Long-term reattachment of the retina following the development of proliferative vitreoretinopathy is often prevented by the occurrence of cellular reproliferation. 5-fluorouracil, a synthetic pyrimidine analog, is a potent inhibitor of fibroblast proliferation in cell culture and an animal model of tractional retinal detachment. Doses of up to 1.0 mg, when administered intravitreally to rabbits, result in no demonstrable retinal toxicity by microscopic and electrophysiologic criteria. The first 22 consecutive patients with advanced forms of proliferative vitreoretinopathy were treated with a combination of periocular and intraocular 5-fluorouracil, in addition to scleral buckling and vitrectomy. Retinal reattachment was achieved in 60% of patients at 6 months postoperatively. No serious systemic or ocular complications were observed although delayed healing of corneal epithelial defects occurred in 18% of cases and subtle subepithelial scarring in 31.8%. In combination with standard vitrectomy techniques, post-operative fluid gas exchange, and photocoagulation, periocular and subconjunctival 5-fluorouracil appears to improve the prognosis for longterm retinal reattachment following the development of proliferative vitreoretinopathy.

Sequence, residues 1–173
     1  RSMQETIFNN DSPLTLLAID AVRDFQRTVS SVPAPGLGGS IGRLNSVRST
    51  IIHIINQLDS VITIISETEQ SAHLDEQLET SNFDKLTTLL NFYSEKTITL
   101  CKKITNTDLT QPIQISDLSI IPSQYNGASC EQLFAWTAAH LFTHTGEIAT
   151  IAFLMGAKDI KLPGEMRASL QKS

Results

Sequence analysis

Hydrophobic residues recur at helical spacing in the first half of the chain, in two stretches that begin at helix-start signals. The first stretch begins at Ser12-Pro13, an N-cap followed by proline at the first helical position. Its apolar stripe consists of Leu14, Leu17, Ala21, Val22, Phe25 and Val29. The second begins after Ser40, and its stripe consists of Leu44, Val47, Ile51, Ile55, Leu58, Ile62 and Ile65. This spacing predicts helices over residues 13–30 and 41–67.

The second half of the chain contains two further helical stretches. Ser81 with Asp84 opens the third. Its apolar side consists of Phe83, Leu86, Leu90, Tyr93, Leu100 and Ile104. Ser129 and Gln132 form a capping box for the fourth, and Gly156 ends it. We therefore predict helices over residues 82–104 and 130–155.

View details for Web of Science ID A1984SF45300003
View details for PubMedID 6709326